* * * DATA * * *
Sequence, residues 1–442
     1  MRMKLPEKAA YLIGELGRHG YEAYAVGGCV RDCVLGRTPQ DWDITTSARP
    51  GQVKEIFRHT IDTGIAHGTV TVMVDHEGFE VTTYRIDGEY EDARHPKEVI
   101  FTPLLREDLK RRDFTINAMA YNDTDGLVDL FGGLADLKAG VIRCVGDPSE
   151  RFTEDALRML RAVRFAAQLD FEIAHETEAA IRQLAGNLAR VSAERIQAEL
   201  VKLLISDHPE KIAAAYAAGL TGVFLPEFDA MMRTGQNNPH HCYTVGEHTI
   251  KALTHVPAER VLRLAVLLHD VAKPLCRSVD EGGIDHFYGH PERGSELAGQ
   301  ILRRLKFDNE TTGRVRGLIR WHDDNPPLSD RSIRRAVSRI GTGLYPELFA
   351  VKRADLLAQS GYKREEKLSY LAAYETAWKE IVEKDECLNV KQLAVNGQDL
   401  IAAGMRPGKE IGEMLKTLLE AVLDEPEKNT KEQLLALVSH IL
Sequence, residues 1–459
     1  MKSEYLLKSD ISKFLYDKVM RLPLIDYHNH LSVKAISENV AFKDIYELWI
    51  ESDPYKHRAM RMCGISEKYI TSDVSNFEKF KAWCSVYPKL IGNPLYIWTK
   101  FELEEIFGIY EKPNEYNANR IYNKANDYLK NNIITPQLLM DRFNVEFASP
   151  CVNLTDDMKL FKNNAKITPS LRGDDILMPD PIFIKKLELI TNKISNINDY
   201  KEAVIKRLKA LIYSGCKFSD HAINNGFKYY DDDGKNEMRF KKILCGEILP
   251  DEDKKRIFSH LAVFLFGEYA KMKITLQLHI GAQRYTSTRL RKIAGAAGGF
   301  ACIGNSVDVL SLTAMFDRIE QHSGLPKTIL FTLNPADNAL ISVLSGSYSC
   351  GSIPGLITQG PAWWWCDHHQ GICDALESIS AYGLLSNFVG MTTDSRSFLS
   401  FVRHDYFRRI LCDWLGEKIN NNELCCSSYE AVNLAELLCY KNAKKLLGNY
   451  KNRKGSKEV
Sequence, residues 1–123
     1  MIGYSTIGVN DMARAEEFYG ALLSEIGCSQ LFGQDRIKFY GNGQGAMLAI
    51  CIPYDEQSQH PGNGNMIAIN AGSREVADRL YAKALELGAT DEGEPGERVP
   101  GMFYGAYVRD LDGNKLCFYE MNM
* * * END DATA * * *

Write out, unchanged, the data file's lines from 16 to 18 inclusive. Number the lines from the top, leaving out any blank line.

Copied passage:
   201  KEAVIKRLKA LIYSGCKFSD HAINNGFKYY DDDGKNEMRF KKILCGEILP
   251  DEDKKRIFSH LAVFLFGEYA KMKITLQLHI GAQRYTSTRL RKIAGAAGGF
   301  ACIGNSVDVL SLTAMFDRIE QHSGLPKTIL FTLNPADNAL ISVLSGSYSC